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  4. Matthew Brown: Trauma and Grief in the Wartime Music of Claude Debussy




Matthew Brown: Trauma and Grief in the Wartime Music of Claude Debussy




Please note this event will be held on Zoom Webinar


On 8 August 1914, five days after France declared war on Germany, Debussy wrote to his publisher Durand: “I’m quite devoid of sang-froid and even more so of the military mentality, never having had the occasion to handle a gun. Then there are my memories of 1870 which prevent me reaching a pitch of enthusiasm, as well as the anxiety of my wife who has a son and a son-in-law both in the army! … I’m nothing more than a wretched atom hurled around by this terrible cataclysm, and what I’m doing seems to me so miserably petty!”

This letter stands out on several counts. First, it reveals the traumatic effect that the Franco-Prussian War (1870-1871) had on Debussy. He was just eight when Paris was besieged by the Prussians and overrun by the Communards. The French government retaliated by slaughtering thousands of Communards and imprisoning many more, including Debussy’s father. Second, it illustrates Debussy’s profound skepticism about the war. Certainly, he felt pangs of patriotism and famously identified himself as “musicien français.” But he was suspicious of the French government: “When will the practice cease of entrusting the destiny of nations to people who see humanity as a way of furthering their careers?”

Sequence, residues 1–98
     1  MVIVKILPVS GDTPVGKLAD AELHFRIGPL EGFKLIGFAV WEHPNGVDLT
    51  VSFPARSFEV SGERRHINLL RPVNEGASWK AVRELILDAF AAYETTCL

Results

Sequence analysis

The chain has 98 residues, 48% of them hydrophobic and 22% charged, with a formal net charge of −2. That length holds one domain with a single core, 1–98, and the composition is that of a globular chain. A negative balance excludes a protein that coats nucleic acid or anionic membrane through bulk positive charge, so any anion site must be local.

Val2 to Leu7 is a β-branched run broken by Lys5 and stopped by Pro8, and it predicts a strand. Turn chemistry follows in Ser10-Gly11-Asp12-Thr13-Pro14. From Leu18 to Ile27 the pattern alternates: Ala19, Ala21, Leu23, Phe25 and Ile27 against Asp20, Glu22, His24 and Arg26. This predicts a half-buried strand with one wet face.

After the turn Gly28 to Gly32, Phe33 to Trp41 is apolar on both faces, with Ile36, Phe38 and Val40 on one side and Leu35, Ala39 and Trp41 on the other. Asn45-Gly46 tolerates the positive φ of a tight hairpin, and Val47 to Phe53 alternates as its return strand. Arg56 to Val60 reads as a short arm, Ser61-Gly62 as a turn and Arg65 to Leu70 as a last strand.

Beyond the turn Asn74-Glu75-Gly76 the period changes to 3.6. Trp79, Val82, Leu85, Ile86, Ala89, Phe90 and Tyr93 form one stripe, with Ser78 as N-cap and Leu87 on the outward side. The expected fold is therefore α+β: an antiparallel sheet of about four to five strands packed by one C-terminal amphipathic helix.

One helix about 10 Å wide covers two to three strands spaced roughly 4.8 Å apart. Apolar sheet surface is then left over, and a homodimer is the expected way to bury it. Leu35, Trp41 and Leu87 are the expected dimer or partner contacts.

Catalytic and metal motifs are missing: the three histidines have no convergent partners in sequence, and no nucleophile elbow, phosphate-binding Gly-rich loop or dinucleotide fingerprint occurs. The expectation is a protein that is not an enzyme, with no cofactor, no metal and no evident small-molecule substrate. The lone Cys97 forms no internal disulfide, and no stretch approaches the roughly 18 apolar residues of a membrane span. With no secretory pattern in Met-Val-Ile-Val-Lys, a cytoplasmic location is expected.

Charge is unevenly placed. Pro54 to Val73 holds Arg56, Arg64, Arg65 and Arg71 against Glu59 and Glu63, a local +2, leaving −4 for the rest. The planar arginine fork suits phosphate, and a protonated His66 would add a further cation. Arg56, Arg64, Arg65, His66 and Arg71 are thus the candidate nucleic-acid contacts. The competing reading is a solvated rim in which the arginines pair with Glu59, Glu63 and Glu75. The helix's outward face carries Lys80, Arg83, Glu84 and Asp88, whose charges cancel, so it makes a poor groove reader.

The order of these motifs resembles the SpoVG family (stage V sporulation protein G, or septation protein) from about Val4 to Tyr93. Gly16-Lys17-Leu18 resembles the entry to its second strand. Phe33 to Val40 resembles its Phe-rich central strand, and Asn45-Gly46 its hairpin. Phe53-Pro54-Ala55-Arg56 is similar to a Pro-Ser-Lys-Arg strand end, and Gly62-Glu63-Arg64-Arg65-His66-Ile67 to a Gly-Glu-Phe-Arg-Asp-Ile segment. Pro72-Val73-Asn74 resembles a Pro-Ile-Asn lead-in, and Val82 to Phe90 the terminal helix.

Given such diverse feelings, it is hardly surprising that Debussy’s wartime pieces were extremely varied in character. For example, La Chute de la Maison Usher conveys the fear felt by many French citizens, whereas Noël des enfants expresses anger at the waste of human life; the Prologue of the cello sonata captures the pain caused by the war, whereas many of the piano Études seem to deny what was happening; and Berceuse héroïque expresses sympathy for the victims, whereas the Finale of the violin sonata conveys acceptance and even hope for the future. Fear, anger, denial, pain, sympathy, acceptance, and hope are all feelings that people associate with the grieving process: this suggests that Debussy used these works to help him and those around him cope with one of the worst calamities in human history.

Matthew Brown


Matthew Brown is a graduate of King’s College London (B. Mus., 1st Class) and Cornell University (MA, Ph.D.), and a member of Harvard’s Society of Fellows. He is Professor of Music Theory at the Eastman School of Music. He is author of four books—Debussy’s ‘Ibéria’: Studies in Genesis and Structure (Oxford, 2003), Explaining Tonality: Schenkerian Theory and Beyond (Rochester, 2005), Debussy Redux. The Impact of His Music on Popular Culture (Indiana, 2012), and Heinrich Schenker’s Conception of Harmony with Robert Wason (Rochester, 2020)—and over forty articles/reviews in such periodicals as the Journal of the American Musicological Society, Music Theory Spectrum, Cool and Strange Music! and Science. Brown is a founding member of TableTopOpera, a group of Eastman faculty and friends that specializes in digital multi-media projects. He is also involved with various projects in AR/VR with the University of Rochester’s Medical Center and Department of Electrical Engineering.

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When and where

5.30pm - 7.30pmWednesday 25th November 2020